TotalEnergies and EACOP sites have stated that they are committed to biodiversity and that “significant resources have been mobilised to implement [their commitment to biodiversity] in an exemplary way”. The project also stated that it is committed to using the best technology and mitigation strategies to avoid the most extreme environmental impact. However, much of the social and environmental damage would have been done by forcibly removing communities from their homes and mutilating the environment.

What is the environmental and social impact of the EACOP? 

2023 has seen one of the hottest days on record due to the climate crisis, the IPCC calling Code Red on humanity alongside a plea to end the exploration and extraction of fossil fuels to ensure that global average temperatures don’t surpass 1.5 degrees Celsius. Despite this, the EACOP is said to be nearing financial closure by the end of the year. 

The Climate Accountability Institute has estimated that the project will emit greenhouse gases of about 379 million tonnes of CO2 equivalent over its lifecycle, more than the yearly emissions of Australia. The project will also disrupt some of the most sensitive ecosystems on the continent, including the Murchison Falls-Albert Delta Ramsar site. Any spillage will affect the land, water, air and surrounding species and ecosystems. 

A report by Human Rights Watch titled “Our Trust is Broken” shows that the displaced communities from land acquired to make way for the pipeline are worse off than they were before they were compensated. Many communities are still awaiting adequate compensation.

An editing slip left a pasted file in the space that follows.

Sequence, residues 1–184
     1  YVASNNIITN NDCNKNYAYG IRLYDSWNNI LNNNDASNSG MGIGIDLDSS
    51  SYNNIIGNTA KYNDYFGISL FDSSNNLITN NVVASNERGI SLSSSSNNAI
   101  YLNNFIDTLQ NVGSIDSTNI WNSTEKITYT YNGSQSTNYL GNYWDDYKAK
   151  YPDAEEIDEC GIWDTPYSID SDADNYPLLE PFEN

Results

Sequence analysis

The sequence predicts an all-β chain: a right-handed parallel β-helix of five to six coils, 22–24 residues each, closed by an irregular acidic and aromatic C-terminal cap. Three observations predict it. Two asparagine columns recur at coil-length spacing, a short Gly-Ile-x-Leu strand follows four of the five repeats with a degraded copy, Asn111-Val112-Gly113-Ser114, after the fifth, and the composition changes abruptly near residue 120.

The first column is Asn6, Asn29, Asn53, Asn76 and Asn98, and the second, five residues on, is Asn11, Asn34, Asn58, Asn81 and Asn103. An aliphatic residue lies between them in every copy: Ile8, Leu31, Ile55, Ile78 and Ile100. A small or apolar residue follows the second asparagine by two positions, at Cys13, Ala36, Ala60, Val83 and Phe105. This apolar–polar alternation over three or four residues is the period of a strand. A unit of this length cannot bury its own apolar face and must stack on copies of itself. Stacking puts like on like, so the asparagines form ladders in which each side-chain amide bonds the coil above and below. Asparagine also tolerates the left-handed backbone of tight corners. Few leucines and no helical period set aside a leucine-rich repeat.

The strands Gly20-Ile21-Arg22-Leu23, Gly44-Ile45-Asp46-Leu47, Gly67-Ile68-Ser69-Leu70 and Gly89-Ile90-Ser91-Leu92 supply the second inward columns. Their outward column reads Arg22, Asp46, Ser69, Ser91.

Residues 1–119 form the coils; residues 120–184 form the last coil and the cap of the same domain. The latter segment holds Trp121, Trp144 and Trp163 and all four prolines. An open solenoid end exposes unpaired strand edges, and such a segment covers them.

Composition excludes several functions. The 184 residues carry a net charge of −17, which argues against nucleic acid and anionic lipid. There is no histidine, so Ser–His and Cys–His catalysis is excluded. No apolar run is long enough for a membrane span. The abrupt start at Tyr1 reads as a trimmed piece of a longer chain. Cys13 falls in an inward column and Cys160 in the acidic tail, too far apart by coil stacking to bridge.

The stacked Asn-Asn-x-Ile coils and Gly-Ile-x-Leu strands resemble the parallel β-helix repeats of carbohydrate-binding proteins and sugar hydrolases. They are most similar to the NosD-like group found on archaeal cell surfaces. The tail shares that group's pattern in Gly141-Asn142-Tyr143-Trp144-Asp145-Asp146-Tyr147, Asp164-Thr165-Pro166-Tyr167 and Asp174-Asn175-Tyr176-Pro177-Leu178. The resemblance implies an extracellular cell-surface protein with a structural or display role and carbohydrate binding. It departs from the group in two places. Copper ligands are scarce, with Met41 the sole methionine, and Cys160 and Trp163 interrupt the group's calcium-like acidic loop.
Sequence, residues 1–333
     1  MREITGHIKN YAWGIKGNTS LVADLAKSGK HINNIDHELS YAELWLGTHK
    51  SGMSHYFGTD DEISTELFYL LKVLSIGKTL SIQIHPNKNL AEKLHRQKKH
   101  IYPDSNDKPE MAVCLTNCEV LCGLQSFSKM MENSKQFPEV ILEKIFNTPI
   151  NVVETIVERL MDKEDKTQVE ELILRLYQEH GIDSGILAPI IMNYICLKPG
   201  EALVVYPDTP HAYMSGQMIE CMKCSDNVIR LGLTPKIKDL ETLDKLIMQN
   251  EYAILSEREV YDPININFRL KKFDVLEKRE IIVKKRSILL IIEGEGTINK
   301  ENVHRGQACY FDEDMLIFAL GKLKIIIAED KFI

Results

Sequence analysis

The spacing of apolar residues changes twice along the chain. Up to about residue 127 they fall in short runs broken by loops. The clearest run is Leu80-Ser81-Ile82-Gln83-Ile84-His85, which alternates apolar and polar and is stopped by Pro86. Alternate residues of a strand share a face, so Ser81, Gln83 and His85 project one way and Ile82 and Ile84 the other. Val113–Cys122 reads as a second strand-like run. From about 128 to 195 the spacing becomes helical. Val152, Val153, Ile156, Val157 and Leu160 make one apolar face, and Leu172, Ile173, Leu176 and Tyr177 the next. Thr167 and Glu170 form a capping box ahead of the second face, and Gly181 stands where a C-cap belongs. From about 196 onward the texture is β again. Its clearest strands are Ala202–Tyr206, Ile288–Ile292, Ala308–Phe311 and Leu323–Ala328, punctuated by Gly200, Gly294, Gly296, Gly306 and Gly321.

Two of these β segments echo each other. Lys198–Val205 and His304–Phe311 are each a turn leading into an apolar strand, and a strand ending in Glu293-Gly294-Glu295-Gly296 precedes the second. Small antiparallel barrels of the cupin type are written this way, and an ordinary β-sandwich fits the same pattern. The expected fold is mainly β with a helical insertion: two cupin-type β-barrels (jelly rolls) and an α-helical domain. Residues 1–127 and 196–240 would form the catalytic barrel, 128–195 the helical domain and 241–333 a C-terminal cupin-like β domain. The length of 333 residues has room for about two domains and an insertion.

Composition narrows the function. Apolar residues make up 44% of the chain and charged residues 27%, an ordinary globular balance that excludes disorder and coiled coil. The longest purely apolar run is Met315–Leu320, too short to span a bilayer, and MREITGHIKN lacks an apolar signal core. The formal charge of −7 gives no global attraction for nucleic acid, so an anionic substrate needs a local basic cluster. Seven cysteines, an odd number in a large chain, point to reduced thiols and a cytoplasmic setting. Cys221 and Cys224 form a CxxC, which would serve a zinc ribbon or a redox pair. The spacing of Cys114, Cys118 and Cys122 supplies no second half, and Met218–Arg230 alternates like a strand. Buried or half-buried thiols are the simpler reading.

Mamdoo added that the women had been adversely affected by the removal from their land, as they were the ones who added value to the land, but did not hold title deeds. 

Some women have spoken of how men receive lump sums of money and have squandering it, leavinging their families. People also don’t have the financial literacy to make their money work for them. There was no consideration for finding ways to help these people, which would have been necessary in a context like this,” said Mamdoo. 

The HRW report also adds that most of those evicted from their land were illiterate and did not fully understand the terms of their contracts. Some of those who resisted the offers are said to have faced intimidation, constant pressure from company officials, harassment from local authorities and threats of court action. 

Where does the EACOP stand now? 

Drilling has already taken place at one of the oil fields but with the pipeline still looking to reach financial close, there is nowhere to pump the oil into in order to transport it. The project has faced numerous challenges to its financial backing, including the #StopEACOP campaign; an effort to inform financiers of the impact of investing in the project.

The project needs about $5 billion to proceed with the pipeline. Financial close has also been delayed as a result of financing from China to Tanzania due to a separate and earlier loan agreement between the two countries. However, matters seem to be nearing resolution as the project is expected to secure funding for the construction of the pipeline by the end of the year.

This article is part of our current reporting project "Dismantling the Fossil Fuel Industry".